Reynolds, Frank W. (1868-1951)
Frank W. Reynolds (1868-1951), a mill designer and engineer born and raised in Rhode Island, worked throughout his long life for the large engineering and architectural firm of Lockwood, Greene, and Company. The firm employed many men, and Reynolds was involved in many roles and in many projects. Most notable for North Carolina is that his initials “F.W.R” indicate his key role in planning the immense Loray Mills in Gastonia, one of the state’s and the nation’s largest textile mills.
When Lockwood, Greene, and Company undertook the massive Loray Mill project—the first major project in North Carolina by the nationally important company already active in South Carolina—various employees were involved in planning and management. One document—a mill village plan with the initials “J.E.S.” indicates that Joseph Emory Sirrine planned the Loray Mill Village. However, the drawings for the immense initial mill building have the initials, “F.W.R.”
According to the history of Lockwood, Greene, and Company, Frank W. Reynolds was born on April 17, 1868, in Providence, Rhode Island, in the center of the nation’s textile mill universe. He went to work for Lockwood and Greene in 1885 at age seventeen, perhaps as an office boy. He advanced rapidly and became “an exceptionally able draftsman with a strong bent toward architectural work: long before 1901 he was in charge of the drafting room, and was also taking full charge of a number of jobs in the office.” Reynolds worked directly with the company’s founder Stephen Greene and learned every aspect of the business.
Although the company history does not indicate which men designed which mills, the initials on the 1900-1901 Loray Mill drawings tie the design of that magnificent mill to Frank W. Reynolds. Additions to the mill were built later, and designed by other men. Reynolds doubtless designed other mills for Lockwood, Greene, and Company that remain to be identified. Nevertheless, Reynolds’s planning for the initial mill at Loray stands as a landmark in state and national industrial architecture.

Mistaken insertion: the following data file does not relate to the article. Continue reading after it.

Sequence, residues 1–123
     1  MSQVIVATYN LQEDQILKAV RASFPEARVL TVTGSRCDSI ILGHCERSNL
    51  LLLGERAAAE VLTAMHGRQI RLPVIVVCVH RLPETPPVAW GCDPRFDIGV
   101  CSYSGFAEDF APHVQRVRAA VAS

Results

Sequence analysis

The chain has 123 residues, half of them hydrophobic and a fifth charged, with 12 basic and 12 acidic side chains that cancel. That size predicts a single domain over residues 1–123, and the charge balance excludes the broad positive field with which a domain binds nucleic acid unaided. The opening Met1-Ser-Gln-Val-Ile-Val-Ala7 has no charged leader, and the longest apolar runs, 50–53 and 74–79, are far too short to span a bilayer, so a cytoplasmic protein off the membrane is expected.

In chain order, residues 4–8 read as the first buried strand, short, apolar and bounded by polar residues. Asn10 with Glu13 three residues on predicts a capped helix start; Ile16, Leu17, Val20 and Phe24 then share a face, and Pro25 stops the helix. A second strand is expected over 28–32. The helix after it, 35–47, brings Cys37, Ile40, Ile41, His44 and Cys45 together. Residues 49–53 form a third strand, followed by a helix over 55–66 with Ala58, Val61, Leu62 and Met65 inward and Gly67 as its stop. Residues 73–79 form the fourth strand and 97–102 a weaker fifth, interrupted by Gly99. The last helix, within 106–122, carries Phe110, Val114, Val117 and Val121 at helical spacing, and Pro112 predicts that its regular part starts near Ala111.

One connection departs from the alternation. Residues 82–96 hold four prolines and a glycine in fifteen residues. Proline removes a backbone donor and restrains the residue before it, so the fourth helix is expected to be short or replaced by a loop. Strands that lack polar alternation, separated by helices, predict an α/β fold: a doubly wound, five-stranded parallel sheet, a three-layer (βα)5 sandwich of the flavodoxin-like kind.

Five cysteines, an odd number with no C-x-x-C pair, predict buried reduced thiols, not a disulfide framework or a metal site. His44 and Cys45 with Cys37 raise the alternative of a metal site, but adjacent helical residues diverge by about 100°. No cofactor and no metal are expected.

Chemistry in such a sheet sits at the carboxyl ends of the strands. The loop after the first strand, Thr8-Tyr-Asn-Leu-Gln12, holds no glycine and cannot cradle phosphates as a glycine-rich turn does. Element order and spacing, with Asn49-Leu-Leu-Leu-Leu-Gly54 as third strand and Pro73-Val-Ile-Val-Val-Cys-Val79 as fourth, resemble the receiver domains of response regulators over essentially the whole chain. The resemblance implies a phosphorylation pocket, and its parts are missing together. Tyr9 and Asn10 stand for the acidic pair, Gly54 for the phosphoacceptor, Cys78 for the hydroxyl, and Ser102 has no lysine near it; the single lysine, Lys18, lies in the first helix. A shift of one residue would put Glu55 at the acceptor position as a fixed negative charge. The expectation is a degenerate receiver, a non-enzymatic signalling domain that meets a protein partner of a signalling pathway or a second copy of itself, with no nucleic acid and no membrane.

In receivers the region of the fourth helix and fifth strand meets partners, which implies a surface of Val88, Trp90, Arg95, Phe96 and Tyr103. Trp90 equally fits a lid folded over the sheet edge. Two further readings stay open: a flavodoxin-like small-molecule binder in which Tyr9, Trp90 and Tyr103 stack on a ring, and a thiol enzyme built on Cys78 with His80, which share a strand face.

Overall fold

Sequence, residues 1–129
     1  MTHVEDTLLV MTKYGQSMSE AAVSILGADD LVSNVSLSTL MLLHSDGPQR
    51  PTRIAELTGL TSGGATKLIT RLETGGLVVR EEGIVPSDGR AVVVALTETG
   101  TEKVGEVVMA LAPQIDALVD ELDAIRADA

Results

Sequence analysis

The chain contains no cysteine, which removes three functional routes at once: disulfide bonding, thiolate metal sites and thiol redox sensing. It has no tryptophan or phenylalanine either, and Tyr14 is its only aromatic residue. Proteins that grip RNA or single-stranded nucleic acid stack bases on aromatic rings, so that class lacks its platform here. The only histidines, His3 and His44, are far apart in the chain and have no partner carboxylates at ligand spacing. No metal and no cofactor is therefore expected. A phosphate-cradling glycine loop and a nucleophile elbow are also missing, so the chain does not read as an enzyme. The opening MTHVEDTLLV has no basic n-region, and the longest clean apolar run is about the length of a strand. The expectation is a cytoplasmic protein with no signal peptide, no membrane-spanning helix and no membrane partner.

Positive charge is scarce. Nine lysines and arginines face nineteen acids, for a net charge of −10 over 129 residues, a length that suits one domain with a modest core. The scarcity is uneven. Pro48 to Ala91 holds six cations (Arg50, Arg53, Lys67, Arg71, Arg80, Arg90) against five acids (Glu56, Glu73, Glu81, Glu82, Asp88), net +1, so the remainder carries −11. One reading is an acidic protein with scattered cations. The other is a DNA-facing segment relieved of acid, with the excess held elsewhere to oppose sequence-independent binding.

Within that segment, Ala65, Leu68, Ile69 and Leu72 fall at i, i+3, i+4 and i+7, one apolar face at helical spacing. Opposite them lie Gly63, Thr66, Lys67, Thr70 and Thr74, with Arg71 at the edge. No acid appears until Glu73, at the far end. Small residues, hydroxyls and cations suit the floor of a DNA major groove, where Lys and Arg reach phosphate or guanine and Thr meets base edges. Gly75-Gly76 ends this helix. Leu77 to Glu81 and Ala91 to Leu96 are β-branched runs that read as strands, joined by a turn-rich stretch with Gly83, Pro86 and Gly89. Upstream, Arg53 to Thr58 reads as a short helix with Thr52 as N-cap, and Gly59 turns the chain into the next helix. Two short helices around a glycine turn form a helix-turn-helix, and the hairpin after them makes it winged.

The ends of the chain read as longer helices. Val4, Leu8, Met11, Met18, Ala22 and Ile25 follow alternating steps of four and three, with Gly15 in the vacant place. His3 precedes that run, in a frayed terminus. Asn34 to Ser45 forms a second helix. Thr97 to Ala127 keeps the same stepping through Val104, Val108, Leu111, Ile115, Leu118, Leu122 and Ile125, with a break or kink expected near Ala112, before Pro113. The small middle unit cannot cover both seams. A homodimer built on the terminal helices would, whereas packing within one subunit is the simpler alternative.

- Catherine W. Bishir and Michael T. Southern, A Guide to the Historic Architecture of Piedmont North Carolina (2003).
- Samuel B. Lincoln, Lockwood Greene: The History of An Engineering Business, 1832-1958 (1960).
1900-1902; 1920sLocation:Gastonia, Gaston CountyStreet Address:
2nd Ave., Gastonia, NCStatus:
IndustrialImages Puslished In:
Catherine W. Bishir and Michael T. Southern, A Guide to the Historic Architecture of Piedmont North Carolina (2003).Note:
Reynolds’s role in planning the Loray Mill reflects information from David Rogers of Rogers and Associates, Inc. Huntersville, NC, as conveyed in an email to J. Myrick Howard, Raleigh, March 12, 2009. “All of the original plans dated between 1900 & 1901 have the initials F.W.R. on them. Some plans have no identification. On one sheet, #82, the initials J.E.S. dated 1901 (could be a 1906) show up; this drawing is the ‘Map of Tenement Village’. Revised drawings in 1904 show initials G.E.B. ~ Tuttle ~ Westcott. The addition of 1922 drawings were by Robert and Company, Architects and Engineers, Atlanta. Linking of “F.W.R.” to Reynolds was possible from Lincoln, Lockwood, Greene, and Company. J.E.S. is Joseph Emory Sirrine. Loray Mill was founded and owned briefly by local industrialists, but after financial problems the mill was taken over by creditors and new management. The Manville-Jenckes Company of Rhode Island acquired the mill in 1920 and added a huge wing. In 1929 Loray Mill became the scene of a bitter and violent strike nationally known in labor history.